When the cap doesn't fit
For some, seeing the words "Bruce tipped for England" was being transported back in time, to an age when a craggy-nosed centre-back had to spend the international breaks training with the youth and reserve teams and to a time when Manchester United could possess an automatic choice who never won a cap. Instead, it transpired that the Burnley boss Owen Coyle had suggested Steve Bruce, his Sunderland counterpart, could manage his country.
But it was a reminder of Bruce's unwanted status. He may be England's greatest uncapped player; he was certainly the finest of his generation. In earlier eras, footballers such as Jimmy Case, Howard Kendall, Billy Bonds and Jimmy Adamson were similarly unfortunate to be overlooked. And now?
As with much else, the parameters have changed. The wholesale importing of foreign talent has raised the standard of the Premier League beyond question. It also means that any English player who represents a title contender is soon capped. Discounting Manuel Almunia on the grounds that whatever nationality he may soon hold, he is essentially Spanish, the closest to an uncapped English player at any of the established Big Four is Kieran Gibbs, who has started a mere seven Premier League games.
Outside the ranks of the internationals, Arsenal may provide the greatest talent. However, Jack Wilshere is surely a future England player. So, for that matter, is his contemporary Jack Rodwell; neither appears likely to follow Bruce's unenviable path. Tom Huddlestone has already attracted Fabio Capello's attention, while it is too early to anoint Lee Cattermole or Mark Noble; at 21 and 22 respectively, both could have an international future.
So the search has to be extended. In part, it is a look down the division: Nigel Reo-Coker and Steve Sidwell helped Aston Villa finish sixth, but neither is a fixture in Martin O'Neill's side. Everton provide a trio of candidates to reflect the consistency that has seen them come sixth, fifth and fifth. Leighton Baines has already been in the senior squad and remains the likeliest of the three to attract Capello's attention. Tony Hibbert can appear a throwback, the kind of no-nonsense full-back whose interests rarely appear to extend beyond defending. Had, say, Howard Wilkinson enjoyed a lengthy spell with the national team, he may have been selected but the demands of full-backs to be additional attackers probably rules out a call-up for the Scouser.
Then there is Leon Osman, whose equaliser against Stoke on Sunday indicated that he possesses a level of quality that could equip him for international football. Yet although David Moyes has advocated his case in the past, no bandwagon has developed around Osman. He may, like players of earlier generations, simply be unfortunate. Talent is not democratically distributed across the pitch and the competition for places on the right of midfield - where David Beckham, Steven Gerrard, Theo Walcott, Aaron Lennon, Shaun Wright-Phillips and David Bentley, among others, have operated - can account for his continued absence.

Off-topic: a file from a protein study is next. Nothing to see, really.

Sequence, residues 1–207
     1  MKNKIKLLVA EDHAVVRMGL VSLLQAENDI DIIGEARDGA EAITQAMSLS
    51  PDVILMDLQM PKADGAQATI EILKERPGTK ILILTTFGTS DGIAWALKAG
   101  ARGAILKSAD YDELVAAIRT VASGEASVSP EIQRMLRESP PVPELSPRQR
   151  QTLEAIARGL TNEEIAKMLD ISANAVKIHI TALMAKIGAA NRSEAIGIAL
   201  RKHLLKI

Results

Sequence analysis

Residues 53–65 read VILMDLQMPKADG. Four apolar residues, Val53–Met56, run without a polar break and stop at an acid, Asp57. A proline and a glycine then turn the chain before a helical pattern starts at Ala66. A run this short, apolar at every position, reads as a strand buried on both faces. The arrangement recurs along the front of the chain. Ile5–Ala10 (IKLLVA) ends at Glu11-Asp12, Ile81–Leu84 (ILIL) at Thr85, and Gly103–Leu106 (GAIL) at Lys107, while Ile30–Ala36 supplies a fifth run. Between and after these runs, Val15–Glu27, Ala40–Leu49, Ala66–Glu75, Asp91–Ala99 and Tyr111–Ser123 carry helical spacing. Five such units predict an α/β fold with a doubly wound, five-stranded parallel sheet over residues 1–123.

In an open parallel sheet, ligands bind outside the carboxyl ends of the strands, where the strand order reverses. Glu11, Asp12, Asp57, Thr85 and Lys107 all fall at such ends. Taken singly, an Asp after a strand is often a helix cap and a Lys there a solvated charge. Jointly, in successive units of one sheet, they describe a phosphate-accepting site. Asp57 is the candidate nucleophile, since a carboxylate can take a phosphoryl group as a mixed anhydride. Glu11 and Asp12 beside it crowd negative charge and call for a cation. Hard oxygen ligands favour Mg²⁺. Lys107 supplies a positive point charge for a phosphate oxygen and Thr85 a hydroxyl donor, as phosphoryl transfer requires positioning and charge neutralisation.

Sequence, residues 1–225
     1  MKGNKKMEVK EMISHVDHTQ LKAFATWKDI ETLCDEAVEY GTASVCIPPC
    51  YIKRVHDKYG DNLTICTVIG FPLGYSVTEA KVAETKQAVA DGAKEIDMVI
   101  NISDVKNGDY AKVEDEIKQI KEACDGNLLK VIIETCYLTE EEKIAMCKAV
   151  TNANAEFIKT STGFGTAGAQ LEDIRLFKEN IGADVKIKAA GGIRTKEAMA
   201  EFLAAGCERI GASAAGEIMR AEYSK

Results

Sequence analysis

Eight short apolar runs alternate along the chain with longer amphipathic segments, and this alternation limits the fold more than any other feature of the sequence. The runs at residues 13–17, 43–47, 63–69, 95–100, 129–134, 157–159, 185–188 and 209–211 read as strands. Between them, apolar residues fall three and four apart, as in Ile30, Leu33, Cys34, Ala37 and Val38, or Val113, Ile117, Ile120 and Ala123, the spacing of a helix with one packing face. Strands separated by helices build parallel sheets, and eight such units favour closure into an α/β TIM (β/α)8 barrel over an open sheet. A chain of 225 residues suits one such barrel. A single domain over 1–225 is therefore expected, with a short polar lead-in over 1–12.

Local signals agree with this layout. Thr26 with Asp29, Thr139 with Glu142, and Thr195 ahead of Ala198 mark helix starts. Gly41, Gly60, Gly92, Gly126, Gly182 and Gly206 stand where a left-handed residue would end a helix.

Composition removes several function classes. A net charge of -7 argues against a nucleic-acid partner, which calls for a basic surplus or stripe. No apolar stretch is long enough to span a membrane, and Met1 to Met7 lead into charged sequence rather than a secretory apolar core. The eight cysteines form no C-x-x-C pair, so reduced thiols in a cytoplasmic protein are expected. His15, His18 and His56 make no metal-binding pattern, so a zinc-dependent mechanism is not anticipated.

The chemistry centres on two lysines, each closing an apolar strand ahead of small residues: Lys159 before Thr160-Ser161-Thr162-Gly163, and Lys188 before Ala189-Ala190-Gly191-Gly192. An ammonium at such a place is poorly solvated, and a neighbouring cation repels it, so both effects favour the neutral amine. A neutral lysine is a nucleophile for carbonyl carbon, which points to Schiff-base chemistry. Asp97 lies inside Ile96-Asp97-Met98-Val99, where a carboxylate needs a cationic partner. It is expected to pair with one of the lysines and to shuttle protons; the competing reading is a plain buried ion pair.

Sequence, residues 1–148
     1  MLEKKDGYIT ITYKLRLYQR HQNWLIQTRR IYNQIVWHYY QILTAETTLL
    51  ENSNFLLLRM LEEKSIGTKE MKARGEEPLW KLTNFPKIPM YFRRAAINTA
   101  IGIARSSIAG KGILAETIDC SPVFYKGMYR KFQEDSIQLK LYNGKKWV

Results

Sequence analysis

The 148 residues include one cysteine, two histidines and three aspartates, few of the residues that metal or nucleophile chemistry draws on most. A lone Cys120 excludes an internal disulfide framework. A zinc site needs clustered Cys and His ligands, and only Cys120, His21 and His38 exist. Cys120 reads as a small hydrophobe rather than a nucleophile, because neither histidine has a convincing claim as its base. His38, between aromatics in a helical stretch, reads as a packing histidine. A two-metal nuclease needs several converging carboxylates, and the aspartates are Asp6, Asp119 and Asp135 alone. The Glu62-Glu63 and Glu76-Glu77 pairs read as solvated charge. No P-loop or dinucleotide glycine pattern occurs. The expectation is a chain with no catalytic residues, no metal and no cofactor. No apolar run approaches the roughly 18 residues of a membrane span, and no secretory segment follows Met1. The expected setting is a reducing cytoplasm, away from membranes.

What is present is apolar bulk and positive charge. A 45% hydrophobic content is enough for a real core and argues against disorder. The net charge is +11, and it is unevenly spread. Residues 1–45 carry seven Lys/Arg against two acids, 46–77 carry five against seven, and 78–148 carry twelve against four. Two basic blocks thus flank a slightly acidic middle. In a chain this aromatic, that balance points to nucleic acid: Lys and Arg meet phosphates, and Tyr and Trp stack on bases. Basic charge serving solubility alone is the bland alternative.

At 28, Osman is likely to remain unwanted by his country. In contrast, though approaching his 26th birthday, Sunderland's recent signing Michael Turner's career still appears to be on an upward trajectory. The defensive equation also has to include mention of two Championship defenders, Steven Taylor and David Wheater, which lends credence to the suggestions there are not enough Englishmen in the Premier League.
Stoke's Ryan Shawcross is another who has been mentioned in dispatches, which is more than can be said for his team-mate Matt Etherington. It is the sort of detail that can easily be forgotten, but Jimmy Bullard was among the England squad for the 4-1 win in Croatia last year. Joining Hull might have proved a poor career move, however (as, of course, has being injured for most of the subsequent time): no City player has ever been capped by England.
And other clubs have been overlooked. Michael Ricketts won the sole cap given to a Bolton player in the last 46 years. It is a pertinent point given the form of Gary Cahill, Matt Taylor and Kevin Davies. The central defender is the youngest, at 23, and the most likely to replace Ricketts in the record books at the Reebok: he has been a late addition to Capello's last two squads. Like Baines, he has grounds to imagine an international career.
Davies and Taylor, however, are headed for the category of the great uncapped. The left-winger's sense of the spectacular and habit of contributing goals from midfield (ten last season) makes his continued omission something of a surprise, especially in a position where England have often been deemed deficient. Joe Cole, Stewart Downing and Ashley Young apart, Capello has been prepared to use players such as Gerrard out of position on that flank.
At 32 and without ever being a prolific scorer, Davies has never become a cause celebre. With Jermain Defoe, Peter Crouch, Darren Bent, Gabriel Agbonlahor, Carlton Cole and Wayne Rooney in goalscoring form, his case is ill-timed now. Yet his uncompromising effectiveness has been a constant over the last six seasons and there has been no more consistent English target man since he signed for Bolton. Like Taylor and Osman, he has the misfortune of being the Bruce of his generation.